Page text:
If a company has a cash surplus, it can invest the money in various projects or activities. In most cases, the goal is to increase the returns shareholders get from these projects. Sometimes, though, companies may also invest that money in their own shares. Treasury stock is a common concept in accounting.
Treasury stock can be a part of various financial statements, including cash flow statements. Before discussing its impacts on the report, it is crucial to understand what treasury stock is.
What is Treasury Stock?
Treasury stock refers to the shares a company buys back from its shareholders. These shares become a part of the company’s internal reserves. Sometimes, they may also fall into the “retired” category and are no longer available for trading. Companies may also use other names to present these shares. For example, repurchased, reacquired, retired, buyback stock, etc., are common names for treasury stock.
A company buys back its stock to reduce the number of its outstanding shares. This process can increase the company’s earnings per share (EPS) and improve financial performance. By doing so, the company can increase its share price in the market, allowing shareholders to make capital gains. However, companies may also buy back their shares for other reasons.
What is the accounting for Treasury Stock?
Treasury stock is a contra-equity account. Essentially, it means that it appears in the equity section of the balance sheet but has a negative effect. It does not increase equity, unlike other components that go under that heading. However, accounting standards require companies to present this stock separately on the balance sheet. This accounting treatment for treasury stock applies if the company intends to keep it for a future issue.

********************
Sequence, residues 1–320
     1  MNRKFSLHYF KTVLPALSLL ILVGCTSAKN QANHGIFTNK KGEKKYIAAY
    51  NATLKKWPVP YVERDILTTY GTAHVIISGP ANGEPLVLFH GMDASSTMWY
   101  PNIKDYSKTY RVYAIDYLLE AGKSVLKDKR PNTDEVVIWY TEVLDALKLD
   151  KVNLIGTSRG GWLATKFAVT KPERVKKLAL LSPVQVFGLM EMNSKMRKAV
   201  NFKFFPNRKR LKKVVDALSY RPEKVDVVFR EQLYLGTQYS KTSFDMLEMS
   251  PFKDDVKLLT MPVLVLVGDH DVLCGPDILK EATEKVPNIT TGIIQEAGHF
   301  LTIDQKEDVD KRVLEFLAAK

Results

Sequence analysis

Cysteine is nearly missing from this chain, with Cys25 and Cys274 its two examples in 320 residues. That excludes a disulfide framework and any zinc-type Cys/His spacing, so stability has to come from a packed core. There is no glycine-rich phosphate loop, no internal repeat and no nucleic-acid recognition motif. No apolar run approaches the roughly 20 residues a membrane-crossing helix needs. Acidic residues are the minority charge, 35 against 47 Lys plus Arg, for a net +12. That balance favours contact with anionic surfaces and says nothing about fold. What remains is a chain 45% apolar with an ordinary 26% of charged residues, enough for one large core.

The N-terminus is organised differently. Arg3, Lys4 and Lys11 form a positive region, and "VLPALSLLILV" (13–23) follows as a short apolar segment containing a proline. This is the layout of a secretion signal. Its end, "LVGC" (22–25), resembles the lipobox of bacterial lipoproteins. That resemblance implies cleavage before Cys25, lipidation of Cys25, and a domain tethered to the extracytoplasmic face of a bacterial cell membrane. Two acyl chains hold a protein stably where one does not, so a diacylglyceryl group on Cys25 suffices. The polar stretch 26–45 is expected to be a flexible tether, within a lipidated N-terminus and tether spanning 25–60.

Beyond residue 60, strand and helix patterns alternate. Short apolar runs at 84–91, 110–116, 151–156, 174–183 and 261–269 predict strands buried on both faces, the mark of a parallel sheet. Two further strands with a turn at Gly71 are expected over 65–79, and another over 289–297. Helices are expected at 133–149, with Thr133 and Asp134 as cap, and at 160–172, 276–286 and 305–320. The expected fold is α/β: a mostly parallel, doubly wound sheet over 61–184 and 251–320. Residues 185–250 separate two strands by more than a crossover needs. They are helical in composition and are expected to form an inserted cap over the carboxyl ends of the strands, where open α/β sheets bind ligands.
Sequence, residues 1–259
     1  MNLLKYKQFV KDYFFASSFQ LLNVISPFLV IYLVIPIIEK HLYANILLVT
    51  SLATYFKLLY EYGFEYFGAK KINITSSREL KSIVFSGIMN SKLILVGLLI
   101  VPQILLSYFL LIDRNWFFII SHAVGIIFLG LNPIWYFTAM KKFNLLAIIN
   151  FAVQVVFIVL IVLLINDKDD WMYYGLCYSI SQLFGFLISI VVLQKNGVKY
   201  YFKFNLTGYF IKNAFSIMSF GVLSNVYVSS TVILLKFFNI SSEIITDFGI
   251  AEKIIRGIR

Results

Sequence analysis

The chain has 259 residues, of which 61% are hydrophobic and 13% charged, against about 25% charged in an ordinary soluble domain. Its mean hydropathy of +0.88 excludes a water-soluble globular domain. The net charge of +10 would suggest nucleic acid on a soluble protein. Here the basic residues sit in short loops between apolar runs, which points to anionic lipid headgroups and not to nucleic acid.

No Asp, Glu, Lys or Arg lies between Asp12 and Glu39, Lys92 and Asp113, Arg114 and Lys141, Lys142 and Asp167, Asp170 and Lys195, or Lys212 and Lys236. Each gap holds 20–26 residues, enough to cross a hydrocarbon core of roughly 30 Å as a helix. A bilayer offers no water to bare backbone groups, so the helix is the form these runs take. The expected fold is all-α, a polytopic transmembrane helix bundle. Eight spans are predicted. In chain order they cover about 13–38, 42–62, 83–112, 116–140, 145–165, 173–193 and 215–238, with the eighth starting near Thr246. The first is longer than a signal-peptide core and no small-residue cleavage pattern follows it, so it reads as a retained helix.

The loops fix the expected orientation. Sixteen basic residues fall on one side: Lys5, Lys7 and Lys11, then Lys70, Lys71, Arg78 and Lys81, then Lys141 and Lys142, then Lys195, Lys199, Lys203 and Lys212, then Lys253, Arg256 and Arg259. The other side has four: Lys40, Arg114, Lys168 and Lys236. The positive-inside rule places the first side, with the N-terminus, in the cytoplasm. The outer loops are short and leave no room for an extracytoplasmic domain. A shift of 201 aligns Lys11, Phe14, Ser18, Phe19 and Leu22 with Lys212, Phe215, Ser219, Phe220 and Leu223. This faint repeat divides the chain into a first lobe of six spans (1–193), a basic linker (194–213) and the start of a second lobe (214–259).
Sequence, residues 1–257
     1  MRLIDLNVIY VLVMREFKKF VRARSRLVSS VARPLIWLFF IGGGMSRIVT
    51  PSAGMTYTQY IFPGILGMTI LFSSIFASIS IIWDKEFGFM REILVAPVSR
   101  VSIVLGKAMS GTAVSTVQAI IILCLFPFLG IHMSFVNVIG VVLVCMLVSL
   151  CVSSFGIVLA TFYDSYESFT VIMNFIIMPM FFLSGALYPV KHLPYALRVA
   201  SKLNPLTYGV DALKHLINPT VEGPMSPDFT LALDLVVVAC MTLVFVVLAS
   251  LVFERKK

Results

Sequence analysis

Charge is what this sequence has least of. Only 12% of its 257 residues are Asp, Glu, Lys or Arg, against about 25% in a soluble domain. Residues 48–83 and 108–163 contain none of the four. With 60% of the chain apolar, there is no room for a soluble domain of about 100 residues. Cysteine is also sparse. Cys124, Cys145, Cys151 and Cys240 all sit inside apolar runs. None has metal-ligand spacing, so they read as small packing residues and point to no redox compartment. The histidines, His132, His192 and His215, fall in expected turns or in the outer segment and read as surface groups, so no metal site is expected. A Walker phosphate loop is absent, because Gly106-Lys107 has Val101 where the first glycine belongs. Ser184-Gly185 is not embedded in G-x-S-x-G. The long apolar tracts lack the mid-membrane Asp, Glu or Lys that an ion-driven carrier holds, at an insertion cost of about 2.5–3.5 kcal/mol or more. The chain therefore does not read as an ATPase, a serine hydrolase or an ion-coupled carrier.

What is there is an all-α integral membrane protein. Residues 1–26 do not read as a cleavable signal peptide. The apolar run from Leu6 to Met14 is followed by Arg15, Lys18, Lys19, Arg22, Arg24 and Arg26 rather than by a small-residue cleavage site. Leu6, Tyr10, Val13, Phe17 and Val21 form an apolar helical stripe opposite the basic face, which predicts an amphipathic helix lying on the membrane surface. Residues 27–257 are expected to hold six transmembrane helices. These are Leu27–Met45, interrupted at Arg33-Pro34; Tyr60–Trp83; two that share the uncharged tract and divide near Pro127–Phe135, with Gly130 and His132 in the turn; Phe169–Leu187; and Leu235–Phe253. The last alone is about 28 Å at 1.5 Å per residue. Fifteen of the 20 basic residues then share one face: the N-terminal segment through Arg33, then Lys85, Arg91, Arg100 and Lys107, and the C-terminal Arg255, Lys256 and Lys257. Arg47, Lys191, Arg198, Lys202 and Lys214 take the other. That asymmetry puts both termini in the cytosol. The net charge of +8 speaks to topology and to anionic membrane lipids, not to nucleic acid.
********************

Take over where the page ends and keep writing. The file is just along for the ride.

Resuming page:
The above method for accounting for treasury stock also causes a profit or loss when reissuing the shares. These amounts become a part of the income statement. Companies may also retire these shares, meaning they are no longer available for issuing. In this case, companies use the constructive retirement method for accounting. Essentially, it involves reversing the journal entries for these shares.
What is the relationship between Treasury Stock and the Cash Flow Statement?
The above accounting treatment for treasury stock only discussed the impact on the balance sheet and income statement. However, the repurchase of stock also impacts the cash flow statement. The link between the two is obvious. When a company repays to reacquire treasury stock, it must happen through cash. This payment to shareholders for the repurchases impacts the cash flow statement.
Under the cash flow statement, the repurchase of shares may appear as a financing or investing activity. In most cases, it is the former. This transaction is an outflow of cash resources. Therefore, it reduces the net cash flows from those activities. In the cash flow statement, treasury stock appears as follows.
|Cash flow from financing activities|
|Repurchase of shares||(000)|
|Net cash flows from financing activities||(000)|
If a company treats it as an investing activity, it can use the same presentation above under that section.
Treasury stocks are shares reacquired by a company from its shareholders. There are several reasons why companies reinvest in their own shares. Usually, this transaction impacts the balance sheet, the income statement, and the cash flow statement. With the cash flow statement, the repurchase of shares is a cash outflow that may appear under financing or investing activities.
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